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  #1  
Old 01-02-2010
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Neuro Brain Stem Lesion

45 year old male presented with headache and double vision. On examination you noticed that the patient is unable to look to the left in both eyes. Some facial muscle weakness also noted. Which of the following labeled structures is the most likely site of the lesion.

Brain Stem Lesion-brainstemlesion.jpg
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  #2  
Old 01-02-2010
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I choose E
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  #3  
Old 01-02-2010
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Quote:
Originally Posted by lee-usmle View Post
45 year old male presented with headache and double vision. On examination you noticed that the patient is unable to look to the left in both eyes. Some facial muscle weakness also noted. Which of the following labeled structures is the most likely site of the lesion.

Attachment 374
is the lesion at D? bcs in the clinical vignette, pt exhibits c/f s/o 6th nv palsy (being unable to look to the left and c/o diplopia) and 7th nerve palsy (facial weakness). so the only answer i think is logical in this case, is at the facial colliculus namely D.
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  #4  
Old 01-03-2010
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I think Milard-Gubler, but I am not sure where. F?
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Old 01-03-2010
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Default Correct Answer

The correct answer is D.

The clue to the answer is that both eyes failed to go to the left. Which means paralysis of left lateral rectus and right medial rectus. So this cannot be lesion of the abducens nerve alone (labeled F in the diagram) as it supplies the lateral rectus only.

It must be paralysis of the conjugate gaze pathway.

Lesions of abducens nerve nucleus causes ipsilateral loss of abduction and contralateral (via medial longitudinal fasciculus MLF) loss of adduction. A lesion of the paramedian pontine reticular formation (PPRF) also causes similar gaze palsy.

Looking at the diagram above you can see the facial nerve root arches over the abducens nucleus (genu of facial nerve) before it exits from the lateral surface of the pons (labeled G in diagram). Therefore, a lesion of the abducens nerve nucleus frequently affects these fibers also, and may cause various degrees of facial muscle weakness.
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  #6  
Old 01-12-2010
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Great question
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  #7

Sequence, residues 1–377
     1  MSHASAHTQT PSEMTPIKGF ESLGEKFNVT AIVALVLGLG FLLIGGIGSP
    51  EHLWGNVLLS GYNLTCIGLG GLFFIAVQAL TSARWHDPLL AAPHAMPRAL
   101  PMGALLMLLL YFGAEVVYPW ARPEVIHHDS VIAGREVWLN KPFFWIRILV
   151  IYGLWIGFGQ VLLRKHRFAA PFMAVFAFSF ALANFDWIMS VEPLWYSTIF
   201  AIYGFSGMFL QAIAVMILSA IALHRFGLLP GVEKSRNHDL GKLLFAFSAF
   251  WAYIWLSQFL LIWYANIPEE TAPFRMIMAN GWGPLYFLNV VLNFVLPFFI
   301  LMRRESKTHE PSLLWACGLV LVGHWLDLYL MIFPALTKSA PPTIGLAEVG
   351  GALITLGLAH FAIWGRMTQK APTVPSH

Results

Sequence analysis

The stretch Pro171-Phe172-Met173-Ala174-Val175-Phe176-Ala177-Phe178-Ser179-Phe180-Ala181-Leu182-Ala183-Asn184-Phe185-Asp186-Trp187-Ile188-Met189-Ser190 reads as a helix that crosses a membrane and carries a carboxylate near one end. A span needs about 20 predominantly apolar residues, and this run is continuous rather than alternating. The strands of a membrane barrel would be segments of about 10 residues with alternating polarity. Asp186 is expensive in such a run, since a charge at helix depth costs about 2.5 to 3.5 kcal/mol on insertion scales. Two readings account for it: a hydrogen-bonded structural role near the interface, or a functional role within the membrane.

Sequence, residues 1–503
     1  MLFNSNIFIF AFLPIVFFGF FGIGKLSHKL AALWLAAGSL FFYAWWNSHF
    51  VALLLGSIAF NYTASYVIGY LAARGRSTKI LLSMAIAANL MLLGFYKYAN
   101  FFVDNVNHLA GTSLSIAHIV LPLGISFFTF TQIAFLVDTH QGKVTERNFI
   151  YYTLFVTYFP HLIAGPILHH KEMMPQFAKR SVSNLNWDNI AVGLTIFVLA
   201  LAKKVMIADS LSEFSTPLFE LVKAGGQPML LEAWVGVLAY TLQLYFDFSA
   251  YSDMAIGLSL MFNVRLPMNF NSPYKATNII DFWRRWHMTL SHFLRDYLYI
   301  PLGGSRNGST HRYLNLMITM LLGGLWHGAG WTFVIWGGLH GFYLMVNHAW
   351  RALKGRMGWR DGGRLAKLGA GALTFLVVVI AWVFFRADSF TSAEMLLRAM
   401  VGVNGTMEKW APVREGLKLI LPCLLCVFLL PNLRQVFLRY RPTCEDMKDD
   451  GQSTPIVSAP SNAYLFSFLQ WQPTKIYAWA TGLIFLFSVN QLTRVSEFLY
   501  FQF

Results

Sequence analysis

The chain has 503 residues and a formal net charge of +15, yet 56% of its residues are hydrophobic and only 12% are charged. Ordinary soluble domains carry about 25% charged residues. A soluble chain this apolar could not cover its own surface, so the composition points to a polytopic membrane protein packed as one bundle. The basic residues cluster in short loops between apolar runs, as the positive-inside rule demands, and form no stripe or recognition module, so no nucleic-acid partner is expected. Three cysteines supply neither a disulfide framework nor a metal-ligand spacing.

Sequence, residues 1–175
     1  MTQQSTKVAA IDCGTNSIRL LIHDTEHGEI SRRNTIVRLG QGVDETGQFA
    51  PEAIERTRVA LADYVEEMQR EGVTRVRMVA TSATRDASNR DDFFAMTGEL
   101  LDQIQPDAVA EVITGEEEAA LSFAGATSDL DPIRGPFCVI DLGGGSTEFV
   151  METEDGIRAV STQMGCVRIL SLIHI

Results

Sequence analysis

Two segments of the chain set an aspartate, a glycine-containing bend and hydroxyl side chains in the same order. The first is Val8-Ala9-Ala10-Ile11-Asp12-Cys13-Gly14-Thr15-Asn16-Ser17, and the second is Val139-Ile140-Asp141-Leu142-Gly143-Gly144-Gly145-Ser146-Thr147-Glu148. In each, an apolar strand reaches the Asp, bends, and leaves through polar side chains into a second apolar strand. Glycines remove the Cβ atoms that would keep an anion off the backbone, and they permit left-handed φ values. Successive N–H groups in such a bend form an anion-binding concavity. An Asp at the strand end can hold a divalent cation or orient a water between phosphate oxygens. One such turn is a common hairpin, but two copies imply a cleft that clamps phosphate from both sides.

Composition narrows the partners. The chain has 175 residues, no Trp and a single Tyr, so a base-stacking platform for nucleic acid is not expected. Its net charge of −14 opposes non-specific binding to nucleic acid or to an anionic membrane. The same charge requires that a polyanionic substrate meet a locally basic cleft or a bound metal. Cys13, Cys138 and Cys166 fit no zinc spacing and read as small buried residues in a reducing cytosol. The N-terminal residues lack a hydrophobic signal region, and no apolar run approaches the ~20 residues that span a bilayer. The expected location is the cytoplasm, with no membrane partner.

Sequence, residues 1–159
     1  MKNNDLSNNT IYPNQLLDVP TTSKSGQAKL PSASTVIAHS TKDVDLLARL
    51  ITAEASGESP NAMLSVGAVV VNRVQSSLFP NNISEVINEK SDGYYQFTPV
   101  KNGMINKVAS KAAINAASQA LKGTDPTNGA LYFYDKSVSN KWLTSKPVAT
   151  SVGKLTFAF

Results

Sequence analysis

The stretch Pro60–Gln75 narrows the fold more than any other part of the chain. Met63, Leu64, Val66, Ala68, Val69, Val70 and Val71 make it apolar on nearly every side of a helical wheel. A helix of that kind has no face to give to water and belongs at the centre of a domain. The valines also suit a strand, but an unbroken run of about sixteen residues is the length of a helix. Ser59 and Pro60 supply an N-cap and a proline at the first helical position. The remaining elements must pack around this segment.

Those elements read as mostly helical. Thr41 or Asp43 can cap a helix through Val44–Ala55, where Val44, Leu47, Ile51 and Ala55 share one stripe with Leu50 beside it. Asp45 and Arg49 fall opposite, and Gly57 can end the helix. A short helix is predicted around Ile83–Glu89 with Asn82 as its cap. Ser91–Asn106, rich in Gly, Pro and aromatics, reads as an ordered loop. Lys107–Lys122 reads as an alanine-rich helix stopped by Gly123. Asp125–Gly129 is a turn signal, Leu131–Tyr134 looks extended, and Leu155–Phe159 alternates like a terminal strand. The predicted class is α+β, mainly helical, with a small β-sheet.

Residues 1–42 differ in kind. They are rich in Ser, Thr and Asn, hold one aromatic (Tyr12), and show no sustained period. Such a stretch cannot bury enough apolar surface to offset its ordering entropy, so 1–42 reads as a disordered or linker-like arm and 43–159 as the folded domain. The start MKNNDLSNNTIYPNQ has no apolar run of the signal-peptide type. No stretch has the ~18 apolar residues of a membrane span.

Old 01-03-2012
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BUT D in this diagram is the sixth nerve nuclei and then how can it be a MLF lesion????
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Old 01-03-2012
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Quote:
Originally Posted by indigo View Post
BUT D in this diagram is the sixth nerve nuclei and then how can it be a MLF lesion????
The control of conjugate gaze is mediated in the brainstem by the medial longitudinal fasciculus (MLF), a nerve tract that connects the three extraocular motor nuclei (abducens, trochlear and oculomotor) into a single functional unit. Lesions of the abducens nucleus and the MLF produce observable sixth nerve problems, most notably internuclear ophthalmoplegia (INO).

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Quote:
Originally Posted by StepTaker View Post
The control of conjugate gaze is mediated in the brainstem by the medial longitudinal fasciculus (MLF), a nerve tract that connects the three extraocular motor nuclei (abducens, trochlear and oculomotor) into a single functional unit. Lesions of the abducens nucleus and the MLF produce observable sixth nerve problems, most notably internuclear ophthalmoplegia (INO).

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Does that mean Abducens ,trochlea or oculomotor lesion will present same as a MLF lesion with internuclear ophthamoplegia?
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Old 06-10-2014
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Default Just clearing things up...

I suppose this question isn't supposed to be taken as a "textbook definition" of MLF syndrome/INO, because we'd be assuming that the lesion in the pt would be due to a lesion in the (right) MLF alone...

Instead we're considering the consequences of damaging the abducens nucleus (presumably on the left), in which case the left eye can't look left, and then via the right MLF, the right eye can't look left either.

Is this correct?
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